COVID — A Catalyst for Counseling


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GoslingsTHERAPY CAN’T SOLVE A PANDEMIC. Right? So why seek counseling when our lifestyles are in chaos? The danger of contamination and illness is real. Some leaders focus on resuscitating the economy, some leaders are envisioning a universal health plan. Certainly, having a rigorous public health system that provides oodles of testing, tracking of those exposed to the virus, and investigating a vaccine is paramount. Psychotherapy definitely adds strength to the tapestry of health care. How?

Couples therapy is excellent for the stress activated from physical distancing. (I don’t believe in social distancing). In Boston many couples are crammed together. Without playgrounds, lacrosse leagues, and trips to the farm, daily frustrations build. The times are crazy, not people.

The virus has caused dread and grief. In 2020, across the land people have lost money, freedom, and physical embraces. Worse than the loss of physical touch is the loss of dreams. The pandemic need not produce more anxiety or hopelessness. Therapy can help 100% with stress, with loss and listlessness.

In counseling, a new crop of coping has emerged. Some clients are decluttering, some have decided to reduce their dependency on wine or on hookah. Gardens are emerging, fresh and colorful. I started a garden to attract pollinators behind a shed. People are looking to change bad habits. Here are tips to whet the appetite:

  • More self-care, not self-indulgence. Learn a new meditation practice. If you can’t take a physical break away from family, put on your favorite songs with some headphones. Customize yoga with your own sequence of moves. Learn a new breathing technique like Ocean Breath, Dragon Breath, or Sloooow breathing. My partner after doing yoga for 30 years learned a new move for their stomach called, Buffalo Plowing Field.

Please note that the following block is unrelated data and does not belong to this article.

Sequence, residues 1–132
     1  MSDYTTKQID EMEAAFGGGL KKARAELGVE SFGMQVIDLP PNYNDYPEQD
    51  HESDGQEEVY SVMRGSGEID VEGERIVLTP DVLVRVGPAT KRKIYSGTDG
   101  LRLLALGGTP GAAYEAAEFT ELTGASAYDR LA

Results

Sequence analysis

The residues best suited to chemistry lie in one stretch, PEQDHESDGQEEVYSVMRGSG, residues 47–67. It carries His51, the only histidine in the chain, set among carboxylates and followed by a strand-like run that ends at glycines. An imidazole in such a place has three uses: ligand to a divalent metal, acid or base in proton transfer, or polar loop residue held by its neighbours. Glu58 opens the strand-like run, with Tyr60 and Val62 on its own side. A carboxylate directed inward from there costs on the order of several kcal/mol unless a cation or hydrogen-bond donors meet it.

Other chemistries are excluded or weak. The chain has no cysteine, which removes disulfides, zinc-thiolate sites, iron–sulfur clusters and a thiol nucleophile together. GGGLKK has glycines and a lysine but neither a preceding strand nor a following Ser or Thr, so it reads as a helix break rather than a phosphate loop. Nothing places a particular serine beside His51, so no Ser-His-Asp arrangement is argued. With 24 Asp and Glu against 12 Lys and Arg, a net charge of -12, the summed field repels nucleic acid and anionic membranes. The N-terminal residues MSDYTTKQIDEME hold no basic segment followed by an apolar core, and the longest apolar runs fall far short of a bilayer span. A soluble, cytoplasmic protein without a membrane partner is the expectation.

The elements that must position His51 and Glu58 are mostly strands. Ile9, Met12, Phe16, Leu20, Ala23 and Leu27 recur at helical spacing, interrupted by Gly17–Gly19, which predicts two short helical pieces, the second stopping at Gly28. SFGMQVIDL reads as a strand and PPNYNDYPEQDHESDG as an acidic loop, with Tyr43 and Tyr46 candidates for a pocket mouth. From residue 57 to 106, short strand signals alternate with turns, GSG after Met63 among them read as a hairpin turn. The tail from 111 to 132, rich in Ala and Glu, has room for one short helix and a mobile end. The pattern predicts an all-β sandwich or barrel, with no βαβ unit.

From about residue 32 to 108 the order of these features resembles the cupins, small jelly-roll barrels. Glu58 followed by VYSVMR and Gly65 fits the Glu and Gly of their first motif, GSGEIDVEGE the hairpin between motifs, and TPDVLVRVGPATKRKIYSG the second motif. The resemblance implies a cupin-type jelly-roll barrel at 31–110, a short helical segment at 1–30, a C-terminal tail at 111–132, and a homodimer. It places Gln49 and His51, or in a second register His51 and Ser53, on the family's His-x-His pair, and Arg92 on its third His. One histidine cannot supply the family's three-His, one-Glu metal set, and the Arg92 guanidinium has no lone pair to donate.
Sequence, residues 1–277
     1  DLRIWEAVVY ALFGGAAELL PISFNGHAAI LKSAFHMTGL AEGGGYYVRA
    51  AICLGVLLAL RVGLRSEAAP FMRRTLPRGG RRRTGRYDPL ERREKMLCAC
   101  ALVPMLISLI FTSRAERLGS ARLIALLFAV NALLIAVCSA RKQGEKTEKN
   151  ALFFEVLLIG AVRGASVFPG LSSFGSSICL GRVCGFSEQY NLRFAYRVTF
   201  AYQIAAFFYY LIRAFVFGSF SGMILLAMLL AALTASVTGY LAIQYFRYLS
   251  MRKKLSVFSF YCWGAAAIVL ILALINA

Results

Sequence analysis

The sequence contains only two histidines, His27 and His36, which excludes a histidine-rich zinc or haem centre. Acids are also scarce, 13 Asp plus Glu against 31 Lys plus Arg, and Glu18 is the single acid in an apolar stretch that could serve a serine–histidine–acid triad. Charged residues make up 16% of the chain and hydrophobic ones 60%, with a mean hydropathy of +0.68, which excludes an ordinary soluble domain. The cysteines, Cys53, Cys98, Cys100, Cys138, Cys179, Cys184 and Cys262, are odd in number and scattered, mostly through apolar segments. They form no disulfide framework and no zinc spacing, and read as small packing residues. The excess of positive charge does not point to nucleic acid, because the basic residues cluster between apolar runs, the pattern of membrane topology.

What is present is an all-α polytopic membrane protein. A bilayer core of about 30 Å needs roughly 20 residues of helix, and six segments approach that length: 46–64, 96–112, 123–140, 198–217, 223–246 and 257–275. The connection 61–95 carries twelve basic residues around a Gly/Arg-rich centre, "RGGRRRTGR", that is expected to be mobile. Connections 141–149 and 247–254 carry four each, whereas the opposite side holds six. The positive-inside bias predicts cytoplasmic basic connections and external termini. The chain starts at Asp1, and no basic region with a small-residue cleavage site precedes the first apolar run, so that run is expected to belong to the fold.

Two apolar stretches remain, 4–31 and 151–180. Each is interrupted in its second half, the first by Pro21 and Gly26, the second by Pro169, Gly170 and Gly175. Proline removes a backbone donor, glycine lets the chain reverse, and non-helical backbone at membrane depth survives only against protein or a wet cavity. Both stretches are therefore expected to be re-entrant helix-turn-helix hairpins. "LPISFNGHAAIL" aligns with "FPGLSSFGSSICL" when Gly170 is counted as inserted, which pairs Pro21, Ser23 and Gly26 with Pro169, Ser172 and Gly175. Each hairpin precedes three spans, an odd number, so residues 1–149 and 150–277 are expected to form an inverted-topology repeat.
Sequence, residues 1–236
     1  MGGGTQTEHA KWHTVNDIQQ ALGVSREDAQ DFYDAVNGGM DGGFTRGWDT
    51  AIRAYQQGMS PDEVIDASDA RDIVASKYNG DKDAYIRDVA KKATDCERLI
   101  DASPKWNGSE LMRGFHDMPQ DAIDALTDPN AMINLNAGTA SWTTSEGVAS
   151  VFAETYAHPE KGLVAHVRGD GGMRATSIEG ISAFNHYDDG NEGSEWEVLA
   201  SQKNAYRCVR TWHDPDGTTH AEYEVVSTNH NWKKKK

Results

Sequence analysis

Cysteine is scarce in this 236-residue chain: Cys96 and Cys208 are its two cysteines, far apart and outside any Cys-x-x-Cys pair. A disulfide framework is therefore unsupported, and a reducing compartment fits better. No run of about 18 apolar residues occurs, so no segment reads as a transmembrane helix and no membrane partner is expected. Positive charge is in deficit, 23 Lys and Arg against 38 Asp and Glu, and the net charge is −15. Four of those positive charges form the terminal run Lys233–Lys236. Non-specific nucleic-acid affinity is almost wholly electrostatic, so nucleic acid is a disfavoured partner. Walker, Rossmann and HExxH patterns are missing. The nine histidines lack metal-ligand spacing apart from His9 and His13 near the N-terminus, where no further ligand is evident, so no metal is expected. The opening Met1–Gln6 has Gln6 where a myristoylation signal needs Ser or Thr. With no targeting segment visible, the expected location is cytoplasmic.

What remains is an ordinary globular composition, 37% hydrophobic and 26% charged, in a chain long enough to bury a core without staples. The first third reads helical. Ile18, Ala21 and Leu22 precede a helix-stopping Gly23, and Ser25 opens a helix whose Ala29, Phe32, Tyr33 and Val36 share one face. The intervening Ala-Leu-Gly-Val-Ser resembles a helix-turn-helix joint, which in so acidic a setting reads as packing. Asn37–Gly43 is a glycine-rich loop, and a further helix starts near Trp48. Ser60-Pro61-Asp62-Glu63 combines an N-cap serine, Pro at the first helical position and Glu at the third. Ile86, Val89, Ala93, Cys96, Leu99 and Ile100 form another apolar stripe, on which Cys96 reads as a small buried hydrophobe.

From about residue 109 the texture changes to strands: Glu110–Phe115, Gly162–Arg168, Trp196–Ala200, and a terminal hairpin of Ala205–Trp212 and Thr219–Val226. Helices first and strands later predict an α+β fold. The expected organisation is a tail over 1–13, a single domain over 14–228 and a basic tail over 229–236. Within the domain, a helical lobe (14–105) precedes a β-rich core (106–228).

• More relaxation or new hobbies. Recite new poetry, brew a different tea, find a favorite board game like backgammon online, when you want to send a ‘Get-Well-Card’ create one yourself. I saw someone who designed their own facemask with a gay rights and rainbow design.
  • Concrete help for others, increases well-being. Join a local neighborhood aid group, advocate for the disenfranchised, support Black-owned or Indigenous businesses or NGOs, plant trees.
  • More quantity time with your partner can lead to more quality time. I encourage couples to continue with a date night. Theo and Alex order out take-out sushi and make sure to sit on a pillow low to the floor with chopsticks. Another couple uses cinematography, with foreign movies like Tomboy after the baby goes to sleep.

I’m propelled to write this message. With all the emphasis I can muster, I say, “Don’t give up!”  I have seen amazing success in therapy with couples, single moms, even stranded students. Therapy during COVID is a win-win proposition.

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